Miniaturization of analytical equipment has escalated dramatically since the first miniature ultraviolet-visible (UV-Vis) spectrometers of the early 1990s. The same principles that made this technology so attractive to early adopters—small size, greater flexibility, excellent performance, and rapid scalability—have been reinforced with refinements from two decades of customer input and advances in information and light processing.
“Today’s challenge is to continue the drive toward smaller, faster, and more powerful spectroscopy platforms, to help people solve measurement challenges that they may not even realize can be solved with spectroscopy,” says David Creasey, VP for sales and marketing at Ocean Optics (Dunedin, FL). “Also, making systems that are scalable to changing communications interfaces—Wi-Fi, GPS, and more—is necessary as the world becomes more connected through its electronic devices.”
Physical barriers present numerous hurdles to miniaturization. Since the spectral response of standard silicon charge-coupled device (CCD) detectors in spectrometers drops off at wavelengths as long as 400 nm, and because oxygen and water absorb in the UV (especially below 200 nm), maintaining sufficient signal outside a vacuum is not possible. Designing vacuum-compatible miniature spectrometers to address these issues is difficult and expensive. However, coated and dichroic thin-film mirrors are now available that improve spectrometer performance by boosting signal response in the UV, while the accessibility of new CCD detectors with strong inherent UV response has improved spectrometer performance.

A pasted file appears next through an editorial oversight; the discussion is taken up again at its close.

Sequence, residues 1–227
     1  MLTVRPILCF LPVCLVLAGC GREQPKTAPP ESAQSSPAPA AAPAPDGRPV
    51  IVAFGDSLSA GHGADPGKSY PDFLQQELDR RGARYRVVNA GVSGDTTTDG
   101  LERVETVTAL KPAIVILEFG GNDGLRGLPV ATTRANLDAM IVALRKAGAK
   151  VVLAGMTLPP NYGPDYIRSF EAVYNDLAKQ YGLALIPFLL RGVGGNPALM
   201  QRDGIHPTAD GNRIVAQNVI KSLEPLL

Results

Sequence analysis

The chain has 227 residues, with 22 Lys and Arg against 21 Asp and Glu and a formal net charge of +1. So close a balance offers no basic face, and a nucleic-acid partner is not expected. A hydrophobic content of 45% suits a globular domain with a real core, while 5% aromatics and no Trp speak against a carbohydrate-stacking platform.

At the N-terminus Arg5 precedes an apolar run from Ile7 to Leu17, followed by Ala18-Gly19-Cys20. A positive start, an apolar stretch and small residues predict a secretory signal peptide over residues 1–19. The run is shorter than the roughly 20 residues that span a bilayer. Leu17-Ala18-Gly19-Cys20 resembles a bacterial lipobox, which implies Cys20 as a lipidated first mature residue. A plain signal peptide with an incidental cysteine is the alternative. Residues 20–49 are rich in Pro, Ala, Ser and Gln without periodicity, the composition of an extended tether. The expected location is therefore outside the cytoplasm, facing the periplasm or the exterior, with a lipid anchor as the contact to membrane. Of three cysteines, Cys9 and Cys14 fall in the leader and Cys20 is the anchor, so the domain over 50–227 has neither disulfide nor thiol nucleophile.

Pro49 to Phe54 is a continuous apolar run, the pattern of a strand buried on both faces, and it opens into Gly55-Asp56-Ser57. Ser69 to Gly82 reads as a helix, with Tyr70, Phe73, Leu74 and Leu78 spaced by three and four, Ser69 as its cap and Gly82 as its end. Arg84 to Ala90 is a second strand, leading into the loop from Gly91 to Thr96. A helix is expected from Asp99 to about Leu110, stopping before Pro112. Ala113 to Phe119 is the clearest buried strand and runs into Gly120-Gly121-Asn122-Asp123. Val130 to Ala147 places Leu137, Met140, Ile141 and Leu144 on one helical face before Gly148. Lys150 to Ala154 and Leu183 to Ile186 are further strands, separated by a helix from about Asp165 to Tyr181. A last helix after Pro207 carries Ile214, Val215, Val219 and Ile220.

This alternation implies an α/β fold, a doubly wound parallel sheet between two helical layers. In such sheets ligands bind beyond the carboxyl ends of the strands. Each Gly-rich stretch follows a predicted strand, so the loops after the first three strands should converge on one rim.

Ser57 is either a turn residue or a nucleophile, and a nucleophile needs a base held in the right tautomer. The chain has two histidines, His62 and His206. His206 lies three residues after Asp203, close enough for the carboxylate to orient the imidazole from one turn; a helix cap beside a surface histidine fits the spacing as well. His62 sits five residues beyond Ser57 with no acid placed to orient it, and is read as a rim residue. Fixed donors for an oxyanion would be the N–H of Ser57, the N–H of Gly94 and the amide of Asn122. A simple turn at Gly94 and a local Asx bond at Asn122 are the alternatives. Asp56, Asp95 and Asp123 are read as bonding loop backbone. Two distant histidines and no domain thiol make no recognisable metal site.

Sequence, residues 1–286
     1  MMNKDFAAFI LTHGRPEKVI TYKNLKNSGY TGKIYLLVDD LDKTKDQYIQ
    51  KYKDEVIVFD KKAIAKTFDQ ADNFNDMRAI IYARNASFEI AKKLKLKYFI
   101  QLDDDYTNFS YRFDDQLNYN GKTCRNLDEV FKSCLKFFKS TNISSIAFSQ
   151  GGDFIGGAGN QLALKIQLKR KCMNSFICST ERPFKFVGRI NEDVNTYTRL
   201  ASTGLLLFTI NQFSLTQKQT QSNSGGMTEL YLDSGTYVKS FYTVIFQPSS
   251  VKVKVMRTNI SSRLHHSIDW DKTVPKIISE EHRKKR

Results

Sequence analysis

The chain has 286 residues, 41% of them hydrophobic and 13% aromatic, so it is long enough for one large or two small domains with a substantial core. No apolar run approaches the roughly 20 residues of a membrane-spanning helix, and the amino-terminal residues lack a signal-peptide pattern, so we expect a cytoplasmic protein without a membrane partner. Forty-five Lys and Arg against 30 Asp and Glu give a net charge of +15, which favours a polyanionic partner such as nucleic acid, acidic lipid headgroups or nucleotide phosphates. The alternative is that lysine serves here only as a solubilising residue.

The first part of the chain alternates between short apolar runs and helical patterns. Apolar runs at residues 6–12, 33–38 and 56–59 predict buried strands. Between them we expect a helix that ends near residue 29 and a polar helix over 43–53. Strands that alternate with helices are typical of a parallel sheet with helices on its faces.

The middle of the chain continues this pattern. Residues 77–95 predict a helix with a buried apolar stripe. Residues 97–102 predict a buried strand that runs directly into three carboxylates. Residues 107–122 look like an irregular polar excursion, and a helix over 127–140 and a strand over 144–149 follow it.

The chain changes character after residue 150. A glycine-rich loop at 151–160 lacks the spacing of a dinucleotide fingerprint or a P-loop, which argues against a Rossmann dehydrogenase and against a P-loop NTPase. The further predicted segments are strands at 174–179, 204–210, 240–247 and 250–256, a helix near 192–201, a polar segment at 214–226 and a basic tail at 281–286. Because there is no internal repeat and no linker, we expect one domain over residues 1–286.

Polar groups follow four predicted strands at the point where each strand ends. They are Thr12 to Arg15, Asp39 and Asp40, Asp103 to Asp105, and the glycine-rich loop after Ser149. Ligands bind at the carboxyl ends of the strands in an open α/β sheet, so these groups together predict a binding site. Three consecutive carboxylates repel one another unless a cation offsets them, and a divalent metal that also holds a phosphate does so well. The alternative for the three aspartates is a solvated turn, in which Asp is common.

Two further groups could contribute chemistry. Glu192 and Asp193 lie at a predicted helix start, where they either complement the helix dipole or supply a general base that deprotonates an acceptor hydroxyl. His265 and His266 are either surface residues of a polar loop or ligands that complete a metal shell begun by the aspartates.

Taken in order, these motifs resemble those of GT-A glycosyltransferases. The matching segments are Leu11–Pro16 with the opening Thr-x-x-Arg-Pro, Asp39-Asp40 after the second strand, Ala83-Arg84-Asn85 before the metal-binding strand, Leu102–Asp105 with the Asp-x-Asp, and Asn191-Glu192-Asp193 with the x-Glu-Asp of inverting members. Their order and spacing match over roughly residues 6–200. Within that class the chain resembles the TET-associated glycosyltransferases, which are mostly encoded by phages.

“Without exaggeration, hundreds and even thousands of absorbance, reflectance, and emission applications are made possible through miniature UV-Vis spectroscopy,” Creasey says. He mentions possibilities ranging from anti-counterfeiting applications (such as fuel authentication and spirit identification) to life sciences applications (such as cancer detection and protein analysis) to farm-totable uses (including crop monitoring and process line quality control), and many more.
Although performance barriers between miniature spectrometers and scientific-grade lab instruments have lowered in recent years, traditional instruments perform some functions better and more consistently. “But most typical applications can be handled very capably with today’s miniature spectrometers,” Creasey tells Lab Manager. One of the remaining limitations—the need to connect the spectrometer to a PC—is also eroding as the evolution of microprocessors creates new ways for electronic devices to capture and process spectral data. The next technological frontier will be developing UV-Vis spectrometers as smart sensors with fully adaptive optical components inside the spectrometer. This, Creasey says, will allow the instrument to react to changing experimental conditions and adjust its wavelength range, optical resolution, throughput, and other parameters.
Performance by the pint
Miniaturization has taken the instrument world by storm, to a large degree as a result of shrinking electronic circuitry. Several factors have made miniaturization less accessible to ultraviolet spectroscopy.
“With UV you buy performance by the pint,” says Jonathan Pundt, senior manager of UV-Vis product marketing at Thermo Fisher Scientific (Madison, WI).
It’s all about getting light into the detector. Larger desktop UV spectrometers have larger mirrors and beams, which process more photons than smaller or handheld devices do. More photons mean an improved signal-to-noise ratio. “If you miniaturize UV, you have to be really good at electronics and optics to maximize performance,” Pundt adds.